PIPS follows AlliedSignal components

COMPANY: AlliedSignal Aerospace
PURPOSE: To create a common database and standard reporting for the performance tracking of aerospace products

APPLICATION: Product In-service Performance Support (PIPS) -- Phoenix-based AlliedSignal Aerospace provides an array of aircraft parts, as well as repair and overhaul facilities supporting virtually every aircraft in operation. With a customer base that includes operators of some of the world's largest airlines and OEMs, AlliedSignal needed to develop a single system that would track and report on the reliability of all aircraft components.

"When we started this project, we had eight different systems doing component tracking, and they didn't know about each other," said Chuck Potts, project coordinator at AlliedSignal Aerospace. "This was pretty inefficient as far as the reuse of the analysis tools, and the integration of data was quite a chore."

The Product In-service Performance Support (PIPS) application was created to bring about a common database and standard reporting. AlliedSignal Aerospace determined such a system would significantly reduce reporting time, cut costs and result in increased data accuracy.

The PIPS application supports internal users at AlliedSignal, primarily in project engineering, warranty and maintenance service agreements organization, legal and reliability engineering. It is also used to share reliability data with the company's external customers.

According to Fergus Pollard, application architect, the initial challenge was to establish a development team that had enough knowledge of the business to come up with a worthwhile
system that would be usable across the entire spectrum of the business. "Our actual IS developers, in fact, didn't have much knowledge of the business," said Pollard. "They were pretty much programmers and IS developers, not aerospace types."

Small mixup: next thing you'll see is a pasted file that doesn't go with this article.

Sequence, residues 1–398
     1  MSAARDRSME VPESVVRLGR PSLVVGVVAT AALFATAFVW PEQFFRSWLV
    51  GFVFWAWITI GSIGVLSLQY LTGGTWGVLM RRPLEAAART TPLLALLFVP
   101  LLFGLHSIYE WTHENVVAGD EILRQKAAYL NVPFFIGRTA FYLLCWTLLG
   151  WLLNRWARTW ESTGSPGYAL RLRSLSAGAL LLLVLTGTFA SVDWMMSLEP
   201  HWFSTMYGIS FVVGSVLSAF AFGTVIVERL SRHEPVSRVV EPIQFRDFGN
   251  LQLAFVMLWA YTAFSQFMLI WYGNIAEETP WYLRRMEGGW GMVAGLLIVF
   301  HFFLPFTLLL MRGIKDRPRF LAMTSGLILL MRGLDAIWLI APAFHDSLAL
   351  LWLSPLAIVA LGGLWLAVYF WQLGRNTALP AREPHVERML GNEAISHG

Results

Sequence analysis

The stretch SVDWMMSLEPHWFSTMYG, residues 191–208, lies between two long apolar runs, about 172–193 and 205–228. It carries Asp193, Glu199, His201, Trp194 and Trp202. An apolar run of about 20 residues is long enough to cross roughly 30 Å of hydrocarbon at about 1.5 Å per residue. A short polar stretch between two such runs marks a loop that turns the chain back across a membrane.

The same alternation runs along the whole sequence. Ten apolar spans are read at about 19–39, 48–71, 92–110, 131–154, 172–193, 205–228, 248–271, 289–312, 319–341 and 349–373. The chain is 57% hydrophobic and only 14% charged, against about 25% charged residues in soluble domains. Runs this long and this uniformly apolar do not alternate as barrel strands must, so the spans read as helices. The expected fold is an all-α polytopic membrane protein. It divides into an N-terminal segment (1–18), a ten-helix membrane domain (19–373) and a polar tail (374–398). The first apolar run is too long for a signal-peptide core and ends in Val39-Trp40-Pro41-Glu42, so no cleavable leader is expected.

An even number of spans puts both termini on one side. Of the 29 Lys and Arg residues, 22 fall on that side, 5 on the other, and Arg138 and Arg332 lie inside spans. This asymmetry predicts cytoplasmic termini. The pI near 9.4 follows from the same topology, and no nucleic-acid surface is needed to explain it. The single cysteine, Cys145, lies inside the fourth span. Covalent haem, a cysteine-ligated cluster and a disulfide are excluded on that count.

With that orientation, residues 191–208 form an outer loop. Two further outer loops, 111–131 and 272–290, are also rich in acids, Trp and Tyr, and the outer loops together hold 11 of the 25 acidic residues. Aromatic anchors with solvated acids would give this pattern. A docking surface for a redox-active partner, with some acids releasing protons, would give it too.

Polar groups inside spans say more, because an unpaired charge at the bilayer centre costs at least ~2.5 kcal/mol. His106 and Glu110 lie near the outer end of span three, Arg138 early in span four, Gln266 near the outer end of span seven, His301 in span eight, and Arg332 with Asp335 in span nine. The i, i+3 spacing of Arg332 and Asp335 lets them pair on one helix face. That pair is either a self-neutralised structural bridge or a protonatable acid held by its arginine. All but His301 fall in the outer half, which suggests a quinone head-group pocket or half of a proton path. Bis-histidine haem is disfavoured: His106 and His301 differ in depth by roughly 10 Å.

A core team combining IS developers and business representatives spanning the spectrum of the company's operations was therefore assembled. "The continuing challenge with that was that all of these business reps had other jobs," said Pollard. "We had to work hard to keep them constantly involved."

In choosing tools and methods, AlliedSignal went with CORBA. The company also looked for development languages in which IS had an established skill base. Tools were chosen based on the fact that the company was already using a great deal of Visual Basic on the front end and C++ on the back end.

Because most CORBA tools were still in beta at the beginning of this project, AlliedSignal found available training to be pretty much nil. "To a large part, we relied on the breadth of experience of our developers," said Pollard.

Thus far all of the application's functionality, and two of the company's eight systems, have been migrated to PIPS. The development tool DAIS, and support from its maker and distributor ICL and PeerLogic, are credited with the success of the project. And return on investment has already been documented. "We have a business person who used to spend 40 hours at the first of every month creating reliability reports that he would distribute across the company," said Potts. "Today that reporting takes only eight hours."

Representing a 60:1 savings, another benefit is the new PIPS format. The new technology allows the equivalent of a 30Mb PowerPoint presentation to be presented on the Web server in only a half a megabyte in PDF format.

-- Deborah Melewski


Chuck Potts

Fergus Pollard

Vern Beck

Lloyd Holston

Martin Lacey

Ken Bobis

Peter Nguyen

Parveen Pati

Al Romo

Ragu Kondury

Curtis Holbrook

David Weber

Ragu Konuru

Ramin Zahraie

Dave Bulmore

Sreenivas Kalluri

Brian Van Tasel

Tim O'Connell

John Penman

Rikki Nyman

Sandra Lacy

Becky Elder


Streamlined report creation and distribution process. Long term, PIPS will result in cost
savings and improved
accuracy, volume and timeliness of data

ICL/PeerLogic DAIS, ERwin, Rational Rose

Servers; HP-UX CORBA server, NT ASP Server; Windows 95 clients; the oracle database